Singer, songwriter and rock ‘n’ roll icon Tom Petty died on Monday night after suffering a heart attack and cardiac arrest at his Malibu home on Monday morning. He was 66 years old.
Known for such ballads as “American Girl,” “Won’t Back Down” and “Free Fallin’,” Petty seemed to have many more years of music and performing ahead of him as he continued headlining concerts and festivals well into 2017. His heart attack serves as a cautionary tale for the rest of us to take a closer look at our heart health and how to spot the signs of a potential heart attack — even for those in their 30s.
As the leading cause of death and disability in the United States, any sign of a heart attack isn’t something you should take lightly. According to William H. Frishman, M.D., professor of pharmacology at New York Medical College and author of “Triumph Over Tragedy,” the biggest red flag to be aware of is a “crushing” chest pain under the sternum or breastbone.
But it’s also important to note that heart attack symptoms aren’t limited solely to the chest area. Another characteristic of a major heart attack is diaphoresis, or breaking into a major cold sweat, Dr. Frishman says. Additionally, someone can also experience discomfort in other parts of the body when having a heart attack, including pain in the left shoulder that radiates to the left arm or even below the breastbone in the stomach area.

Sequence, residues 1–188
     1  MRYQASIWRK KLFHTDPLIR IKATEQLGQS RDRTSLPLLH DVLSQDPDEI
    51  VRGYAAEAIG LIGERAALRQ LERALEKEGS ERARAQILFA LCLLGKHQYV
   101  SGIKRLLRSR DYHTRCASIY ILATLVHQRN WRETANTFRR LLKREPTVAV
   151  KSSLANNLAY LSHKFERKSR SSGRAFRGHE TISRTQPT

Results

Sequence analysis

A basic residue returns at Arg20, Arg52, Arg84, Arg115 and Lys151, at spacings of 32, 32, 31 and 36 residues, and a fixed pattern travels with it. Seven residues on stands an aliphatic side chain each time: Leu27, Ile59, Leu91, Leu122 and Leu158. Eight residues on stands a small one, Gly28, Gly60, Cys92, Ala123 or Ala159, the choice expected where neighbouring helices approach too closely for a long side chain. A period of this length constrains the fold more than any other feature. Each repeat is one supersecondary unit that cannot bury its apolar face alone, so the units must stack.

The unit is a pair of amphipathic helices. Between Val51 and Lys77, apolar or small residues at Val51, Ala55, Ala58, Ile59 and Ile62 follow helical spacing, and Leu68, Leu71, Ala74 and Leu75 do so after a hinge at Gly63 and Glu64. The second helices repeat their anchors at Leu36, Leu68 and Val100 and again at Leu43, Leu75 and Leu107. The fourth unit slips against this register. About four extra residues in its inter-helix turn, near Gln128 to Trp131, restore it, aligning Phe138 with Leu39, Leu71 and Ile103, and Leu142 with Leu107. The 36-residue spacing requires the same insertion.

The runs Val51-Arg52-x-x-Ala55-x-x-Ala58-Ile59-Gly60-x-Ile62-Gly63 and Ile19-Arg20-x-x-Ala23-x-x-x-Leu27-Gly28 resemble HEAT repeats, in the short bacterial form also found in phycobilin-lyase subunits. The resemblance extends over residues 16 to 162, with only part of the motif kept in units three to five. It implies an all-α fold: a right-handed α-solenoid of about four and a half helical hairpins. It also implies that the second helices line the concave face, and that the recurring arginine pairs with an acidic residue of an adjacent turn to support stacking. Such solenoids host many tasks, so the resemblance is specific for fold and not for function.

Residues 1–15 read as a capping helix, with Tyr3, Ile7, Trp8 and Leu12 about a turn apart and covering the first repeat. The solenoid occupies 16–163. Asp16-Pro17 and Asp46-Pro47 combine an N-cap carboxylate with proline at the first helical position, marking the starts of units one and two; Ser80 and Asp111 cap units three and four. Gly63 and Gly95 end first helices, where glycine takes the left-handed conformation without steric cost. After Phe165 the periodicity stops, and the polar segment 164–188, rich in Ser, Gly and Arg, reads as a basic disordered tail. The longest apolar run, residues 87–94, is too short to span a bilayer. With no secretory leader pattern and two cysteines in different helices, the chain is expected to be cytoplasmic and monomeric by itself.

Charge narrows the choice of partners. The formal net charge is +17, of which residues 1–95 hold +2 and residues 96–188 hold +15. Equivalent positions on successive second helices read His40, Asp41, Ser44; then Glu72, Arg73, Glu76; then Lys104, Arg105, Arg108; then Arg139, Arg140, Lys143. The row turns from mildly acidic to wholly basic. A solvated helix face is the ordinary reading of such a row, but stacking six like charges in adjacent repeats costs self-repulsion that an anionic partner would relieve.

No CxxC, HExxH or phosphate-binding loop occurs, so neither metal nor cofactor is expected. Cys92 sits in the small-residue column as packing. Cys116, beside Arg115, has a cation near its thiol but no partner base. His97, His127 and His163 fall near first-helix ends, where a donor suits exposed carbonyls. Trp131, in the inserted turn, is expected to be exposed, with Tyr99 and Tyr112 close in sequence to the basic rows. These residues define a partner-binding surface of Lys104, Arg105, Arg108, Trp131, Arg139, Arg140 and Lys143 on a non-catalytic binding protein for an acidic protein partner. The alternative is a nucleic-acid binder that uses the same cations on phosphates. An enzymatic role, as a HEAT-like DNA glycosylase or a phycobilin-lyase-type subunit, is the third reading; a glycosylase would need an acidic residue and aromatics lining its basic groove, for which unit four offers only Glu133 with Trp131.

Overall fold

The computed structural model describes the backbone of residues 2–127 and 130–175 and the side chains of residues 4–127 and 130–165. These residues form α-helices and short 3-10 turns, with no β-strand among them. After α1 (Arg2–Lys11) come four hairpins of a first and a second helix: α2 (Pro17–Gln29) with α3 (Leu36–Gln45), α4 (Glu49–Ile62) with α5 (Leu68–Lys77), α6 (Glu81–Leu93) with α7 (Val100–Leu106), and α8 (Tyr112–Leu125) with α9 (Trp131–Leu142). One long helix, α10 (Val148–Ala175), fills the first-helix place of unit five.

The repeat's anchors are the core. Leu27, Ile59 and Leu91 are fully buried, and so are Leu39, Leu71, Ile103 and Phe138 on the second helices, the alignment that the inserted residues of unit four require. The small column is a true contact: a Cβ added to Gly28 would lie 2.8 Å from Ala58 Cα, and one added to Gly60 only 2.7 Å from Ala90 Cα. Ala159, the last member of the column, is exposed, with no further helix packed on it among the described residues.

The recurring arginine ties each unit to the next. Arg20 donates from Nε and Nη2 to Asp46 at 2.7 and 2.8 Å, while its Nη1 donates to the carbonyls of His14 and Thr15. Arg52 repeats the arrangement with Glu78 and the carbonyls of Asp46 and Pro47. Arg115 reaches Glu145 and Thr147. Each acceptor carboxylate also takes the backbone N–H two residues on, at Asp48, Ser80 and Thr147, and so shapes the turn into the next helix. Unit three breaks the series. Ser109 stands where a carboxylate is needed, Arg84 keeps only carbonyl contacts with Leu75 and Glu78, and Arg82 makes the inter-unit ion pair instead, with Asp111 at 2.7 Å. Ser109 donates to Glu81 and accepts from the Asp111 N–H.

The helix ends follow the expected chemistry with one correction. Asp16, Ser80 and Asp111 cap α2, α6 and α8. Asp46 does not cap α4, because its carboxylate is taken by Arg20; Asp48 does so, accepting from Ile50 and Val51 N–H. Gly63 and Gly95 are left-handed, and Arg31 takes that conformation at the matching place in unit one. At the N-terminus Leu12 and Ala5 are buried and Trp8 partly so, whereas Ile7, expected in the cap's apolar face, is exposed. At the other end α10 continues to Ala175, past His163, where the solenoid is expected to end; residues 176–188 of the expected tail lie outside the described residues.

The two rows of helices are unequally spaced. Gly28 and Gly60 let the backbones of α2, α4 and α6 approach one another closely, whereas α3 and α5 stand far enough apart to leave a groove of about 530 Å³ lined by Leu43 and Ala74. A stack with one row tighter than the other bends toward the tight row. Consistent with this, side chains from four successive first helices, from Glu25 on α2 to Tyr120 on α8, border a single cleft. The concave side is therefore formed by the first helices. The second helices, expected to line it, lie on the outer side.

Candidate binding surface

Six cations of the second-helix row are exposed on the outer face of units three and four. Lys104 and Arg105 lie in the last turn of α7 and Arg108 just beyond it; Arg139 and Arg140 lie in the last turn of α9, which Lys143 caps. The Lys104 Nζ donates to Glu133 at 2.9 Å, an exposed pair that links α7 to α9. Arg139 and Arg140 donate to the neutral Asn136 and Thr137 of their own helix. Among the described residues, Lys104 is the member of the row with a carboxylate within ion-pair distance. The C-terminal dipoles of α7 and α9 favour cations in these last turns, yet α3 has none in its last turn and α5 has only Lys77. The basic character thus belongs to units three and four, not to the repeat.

For a proactive approach to preventing heart attacks, Dr. Frishman stresses the importance of maintaining a healthy lifestyle, especially for men over the age of 35 and women over the age of 40 — the typical ages when heart attack risk becomes a concern, especially for smokers or those who have other risk factors like high blood pressure or elevated cholesterol.
“Don’t smoke, make sure your blood pressure is under control, avoid illicit drugs, watch your diet and keep your weight down,” he says. “Also, try to exercise 20 to 30 minutes a day.”
Above all, if you ever do experience any of the aforementioned heart attack symptoms — even if you’re in the peak of good health — don’t “wait it out” to see if they improve. If it is a heart attack, every minute counts. The longer you go without medical attention, the greater risk of damage or death.